Thursday, November 23, 2006

Are Moving Averages A Useful Trading Guide?

Is the market trend up, down, or neutral? One of the most common ways to assess a trend is the moving average. But is the moving average a useful guide for trading decisions? I decided to take a look.

Since 2004 (N = 710 trading days), we've had 328 days in which the S&P 500 Index (SPY) has closed above both its five-day and twenty-day moving averages. Over the next ten days, SPY has averaged a loss of -.03% (182 up, 146 down).

Conversely, when SPY has closed below both its five-day and twenty-day moving averages (N = 200), the next ten days have averaged a gain of .72% (126 up, 74 down).

Indeed, just knowing where the S&P 500 Index has been trading relative to its 20-day moving average has been informative.

When we've closed above that moving average (N = 441), the next 20 days in SPY have averaged a gain of only .20% (261 up, 180 down). That's about a third of the average 20-day gain from 2004 to the present.

On the other hand, when we've closed below the 20 day MA (N = 269), the next 20 days in SPY have averaged an impressive gain of 1.24% (188 up, 81 down).

In short, knowing where we're trading relative to moving averages *has* provided us with useful trading information, but not in the way many technicians expect. Because of mean reversion, returns when we're trading above moving averages have been subnormal. Returns when we've been trading below moving averages have been superior.

The trend has indeed been your friend in the last few years in the large cap stock indices, but only if you've faded it.


John Wheatcroft said...

Thanks for yet another informative article -

Some time ago I switched to using the exponential moving averages in my work - they "seemed" to make a closer fit - one day while playing around in Sharpcharts I put a 90 period EMA under a weekly view of the SPX, then the INDU, then the COMPQ, then RUT and finally, Goldman Sachs (a stock I consider extremely important as a bellweather). It is simply amazing how the 90 period EMA serves these stocks.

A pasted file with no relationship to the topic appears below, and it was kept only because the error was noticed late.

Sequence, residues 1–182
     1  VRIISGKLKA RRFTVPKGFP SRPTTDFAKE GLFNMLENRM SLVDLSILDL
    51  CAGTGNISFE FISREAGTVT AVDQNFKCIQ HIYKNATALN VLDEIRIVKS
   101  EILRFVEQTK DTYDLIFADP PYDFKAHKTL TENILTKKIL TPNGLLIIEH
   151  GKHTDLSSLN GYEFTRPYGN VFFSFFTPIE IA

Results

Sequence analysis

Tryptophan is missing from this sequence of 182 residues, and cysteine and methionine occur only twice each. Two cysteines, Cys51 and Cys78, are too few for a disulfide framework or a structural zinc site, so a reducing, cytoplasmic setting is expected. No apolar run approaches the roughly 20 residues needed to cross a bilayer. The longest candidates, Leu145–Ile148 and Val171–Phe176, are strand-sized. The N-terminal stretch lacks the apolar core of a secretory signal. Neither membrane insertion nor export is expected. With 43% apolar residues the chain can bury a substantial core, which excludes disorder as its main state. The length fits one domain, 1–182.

I don't understand why given all of the computational power we now possess people still use SMA 200. Other than "tradition" - "way my daddy did it and it was good enough ..."

I think not only is the EMA 90 more accurate it is far more informative.

Anonymous said...


how do you find out how many down/up days have their been in the market? Which software provides such in-depth historical data?


Anonymous said...


In the Market Expectations section you said "The Russell 2000 small caps and the midcap stocks, however, could not surmount their overnight highs. That led me to short the Russell, for a retracement back toward its mean price. When the most volatile stocks--small caps, mid caps, semis--don't confirm a rally, it generally pays to fade the strength."

What are the average daily intra-day highs and lows of Russell 2000?

thanks a lot.

Brett Steenbarger, Ph.D. said...

Hi Yaser,

I conduct my analyses entirely within Excel using data I've archived from my real-time data source (Townsend RealTick). The intraday moves in the Russell correlate quite highly with those in the other equity indices, which makes divergences--such as the ones that occurred when we made new highs in the morning on Wednesday--unusual and of interest.


Brett Steenbarger, Ph.D. said...

Hi John,

Thanks for your note. There is a lot of very traditional--and uncritical--thinking among traders and investors. Moving averages crossover systems of various durations have tested out *very* poorly in the stock index market the last several years. I haven't looked at the difference between EMA and SMA; thanks for the idea--


Capt said...

When I checked data on individual stocks which I own, I found that an upward trend was an extremely good predictor that the following period would also be up. Likewise (but less so) with downward trends. The market as a whole, however, will move up and down in a way that doesn't relate to any particular stock.

So, unless you are buying index funds, why do you care about the market trend? It doesn't predict anything useful and, in my experience, it doesn't follow trends in the same way as individual stocks.

Brett Steenbarger, Ph.D. said...

Hi Capt,

Yes, I trade index futures/ETFs. In those instruments, we actually see short-term reversals of trending moves, especially when those moves lack strong momentum. I agree with you: many individual stocks do not follow that pattern. It's important to know the tendencies of the market you trade, not just *the* market. Thanks for your note--